Filming kingfishers – autumn is here

Filming kingfishers – autumn is here

Filming kingfishers now that autumn is here turned out to be a very enjoyable filming session. For more information about kingfishers have a look at the kingfisher link.

Kingfisher beating up a stickleback

As a wildlife cameraman I have filmed kingfishers many times.  Last week I was filming them for a BBC Wales programme. Over the last couple of weeks I have been seeing kingfishers regularly at a local nature reserve. On most occasions they have just been out of sight.  So I set off a couple of days ago with the goal of filming them.  I wasn’t concerned about the content of the shots, any shots would do.

People can disturb kingfishers quite easily. Filming kingfishers now that autumn is here is ‘nicer’ in many ways. Too many people approach kingfisher nests for pictures these days.  You’re supposed to have a licence and I’m sure that many do not.  That said, even outside of the breeding season I prefer not to disturb them at all. Natural cover can be an effective way of concealing yourself from wildlife. Reeds and other vegetation are abundant near the filming spot I had chosen, so I covered myself in the stuff. I also positioned myself well back from a known perch, looking through reeds and branches. Individual birds all behave with different degrees of tolerance so I was playing it safe.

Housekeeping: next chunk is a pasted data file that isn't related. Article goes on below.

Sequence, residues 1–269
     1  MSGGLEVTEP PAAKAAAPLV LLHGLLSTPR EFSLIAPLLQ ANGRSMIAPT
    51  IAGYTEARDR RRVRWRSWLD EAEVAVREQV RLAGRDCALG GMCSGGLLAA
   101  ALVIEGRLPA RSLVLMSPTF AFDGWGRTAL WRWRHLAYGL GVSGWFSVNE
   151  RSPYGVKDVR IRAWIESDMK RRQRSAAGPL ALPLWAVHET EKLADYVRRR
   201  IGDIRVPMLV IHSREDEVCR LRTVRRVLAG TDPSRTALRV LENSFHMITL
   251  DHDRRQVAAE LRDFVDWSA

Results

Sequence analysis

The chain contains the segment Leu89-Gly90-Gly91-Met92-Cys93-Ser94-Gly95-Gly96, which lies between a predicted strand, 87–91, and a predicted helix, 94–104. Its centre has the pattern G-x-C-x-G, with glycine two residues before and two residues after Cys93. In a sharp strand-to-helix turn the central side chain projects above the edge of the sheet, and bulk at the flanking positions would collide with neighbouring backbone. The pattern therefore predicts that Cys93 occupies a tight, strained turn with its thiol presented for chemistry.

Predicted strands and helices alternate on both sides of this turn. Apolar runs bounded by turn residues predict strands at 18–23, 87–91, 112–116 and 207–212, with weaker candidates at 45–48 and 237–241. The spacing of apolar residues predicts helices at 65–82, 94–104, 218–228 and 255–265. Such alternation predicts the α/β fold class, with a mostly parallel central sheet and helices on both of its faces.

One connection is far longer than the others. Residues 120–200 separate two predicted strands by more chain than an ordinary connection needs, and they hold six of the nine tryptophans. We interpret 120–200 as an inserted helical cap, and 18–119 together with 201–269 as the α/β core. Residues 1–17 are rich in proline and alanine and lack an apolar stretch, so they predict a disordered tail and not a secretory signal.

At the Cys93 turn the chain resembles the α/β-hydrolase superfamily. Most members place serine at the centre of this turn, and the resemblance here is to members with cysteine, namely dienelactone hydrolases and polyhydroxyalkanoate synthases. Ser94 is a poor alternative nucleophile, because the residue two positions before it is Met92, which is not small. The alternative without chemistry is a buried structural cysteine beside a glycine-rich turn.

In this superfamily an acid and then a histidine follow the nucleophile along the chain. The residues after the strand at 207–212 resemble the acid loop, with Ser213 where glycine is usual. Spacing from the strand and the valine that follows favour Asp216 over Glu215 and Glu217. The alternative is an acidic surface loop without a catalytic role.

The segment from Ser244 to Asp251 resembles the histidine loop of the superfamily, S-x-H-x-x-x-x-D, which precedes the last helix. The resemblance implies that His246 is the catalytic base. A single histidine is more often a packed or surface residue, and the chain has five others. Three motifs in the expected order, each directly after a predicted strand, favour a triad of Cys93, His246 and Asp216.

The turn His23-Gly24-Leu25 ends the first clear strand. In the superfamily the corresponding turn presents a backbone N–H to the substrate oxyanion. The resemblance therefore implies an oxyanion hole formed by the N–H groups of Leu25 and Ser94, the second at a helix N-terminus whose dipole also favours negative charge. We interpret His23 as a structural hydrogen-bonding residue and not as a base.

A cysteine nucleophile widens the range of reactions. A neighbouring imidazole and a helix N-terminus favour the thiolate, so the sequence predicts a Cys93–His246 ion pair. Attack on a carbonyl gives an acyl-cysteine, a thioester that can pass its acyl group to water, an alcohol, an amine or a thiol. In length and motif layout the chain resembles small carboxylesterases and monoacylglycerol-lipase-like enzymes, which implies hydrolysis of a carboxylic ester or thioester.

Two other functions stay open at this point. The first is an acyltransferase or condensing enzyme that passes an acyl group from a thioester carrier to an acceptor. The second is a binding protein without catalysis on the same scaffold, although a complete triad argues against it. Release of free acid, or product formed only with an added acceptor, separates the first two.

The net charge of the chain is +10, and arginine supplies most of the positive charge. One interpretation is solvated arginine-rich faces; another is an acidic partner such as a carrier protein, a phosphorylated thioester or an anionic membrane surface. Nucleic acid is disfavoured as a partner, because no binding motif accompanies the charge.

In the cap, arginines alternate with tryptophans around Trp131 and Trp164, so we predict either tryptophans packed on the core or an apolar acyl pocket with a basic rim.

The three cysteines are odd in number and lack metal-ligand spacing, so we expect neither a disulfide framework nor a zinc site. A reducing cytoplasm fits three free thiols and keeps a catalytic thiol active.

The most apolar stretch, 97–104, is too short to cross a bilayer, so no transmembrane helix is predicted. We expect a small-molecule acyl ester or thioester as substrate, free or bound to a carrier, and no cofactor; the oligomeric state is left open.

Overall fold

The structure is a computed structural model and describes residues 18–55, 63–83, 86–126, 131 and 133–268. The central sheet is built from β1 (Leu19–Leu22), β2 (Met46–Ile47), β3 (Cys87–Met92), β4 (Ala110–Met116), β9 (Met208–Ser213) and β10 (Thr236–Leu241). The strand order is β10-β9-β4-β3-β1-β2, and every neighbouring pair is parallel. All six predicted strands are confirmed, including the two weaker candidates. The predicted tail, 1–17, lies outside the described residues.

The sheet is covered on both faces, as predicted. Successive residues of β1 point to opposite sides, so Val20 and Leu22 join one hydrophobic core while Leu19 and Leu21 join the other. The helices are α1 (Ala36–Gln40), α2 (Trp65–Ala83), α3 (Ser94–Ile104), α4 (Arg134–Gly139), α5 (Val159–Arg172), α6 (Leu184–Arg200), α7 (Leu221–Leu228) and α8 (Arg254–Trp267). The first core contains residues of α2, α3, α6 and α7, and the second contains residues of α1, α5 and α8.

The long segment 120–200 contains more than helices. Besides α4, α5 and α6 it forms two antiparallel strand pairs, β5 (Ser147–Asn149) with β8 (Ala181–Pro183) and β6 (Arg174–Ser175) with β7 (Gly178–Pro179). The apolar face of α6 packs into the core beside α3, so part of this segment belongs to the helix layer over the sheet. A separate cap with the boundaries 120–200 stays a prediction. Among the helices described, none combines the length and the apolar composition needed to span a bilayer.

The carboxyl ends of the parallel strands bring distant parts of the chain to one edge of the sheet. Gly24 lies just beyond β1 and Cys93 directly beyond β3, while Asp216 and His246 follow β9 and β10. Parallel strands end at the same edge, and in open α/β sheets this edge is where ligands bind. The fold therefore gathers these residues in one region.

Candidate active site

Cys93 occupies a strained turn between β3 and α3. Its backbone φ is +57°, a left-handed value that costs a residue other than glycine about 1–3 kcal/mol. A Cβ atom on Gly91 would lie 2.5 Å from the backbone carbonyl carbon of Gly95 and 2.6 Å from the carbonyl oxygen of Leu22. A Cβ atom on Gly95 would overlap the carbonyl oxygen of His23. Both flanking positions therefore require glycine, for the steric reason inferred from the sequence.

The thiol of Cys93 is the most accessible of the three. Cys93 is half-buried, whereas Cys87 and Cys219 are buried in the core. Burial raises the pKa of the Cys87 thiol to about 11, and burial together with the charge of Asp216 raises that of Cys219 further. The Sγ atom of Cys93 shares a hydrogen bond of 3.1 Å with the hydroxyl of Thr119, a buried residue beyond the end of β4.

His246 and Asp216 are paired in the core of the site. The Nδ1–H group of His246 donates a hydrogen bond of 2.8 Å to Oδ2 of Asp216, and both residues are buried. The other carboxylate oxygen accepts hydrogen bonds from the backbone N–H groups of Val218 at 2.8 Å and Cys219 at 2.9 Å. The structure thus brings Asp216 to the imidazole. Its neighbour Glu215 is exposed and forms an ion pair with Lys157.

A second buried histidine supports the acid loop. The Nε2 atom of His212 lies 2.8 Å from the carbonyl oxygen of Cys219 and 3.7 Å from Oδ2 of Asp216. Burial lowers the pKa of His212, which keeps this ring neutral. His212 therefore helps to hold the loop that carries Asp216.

[vimeo h=360&w=640]

Clip above, just a short example of footage from the filming session.

Funny thing was, I’d only been there a few minutes. I’d lined up the camera on a branch and was fiddling with the LCD display on the side of the camera.  Suddenly there was a female kingfisher on the LCD screen. Moments like that cause your heart to flip. A typical wildlife cameraman moment. I hit the record button, and as the camera has a few seconds prerecord captured the bird landing. She didn’t hang around for long, and flew off. However, that wasn’t the end of it.  Both male and female birds came back and forth over a couple of hours. My limited viewpoint only allowed shots of the birds perched, but the experience gave valuable information for my next session down there. So far I have the male beating the crap out of a couple of sticklebacks. Fishing next, though I don’t have great slow motion.  We’ll see.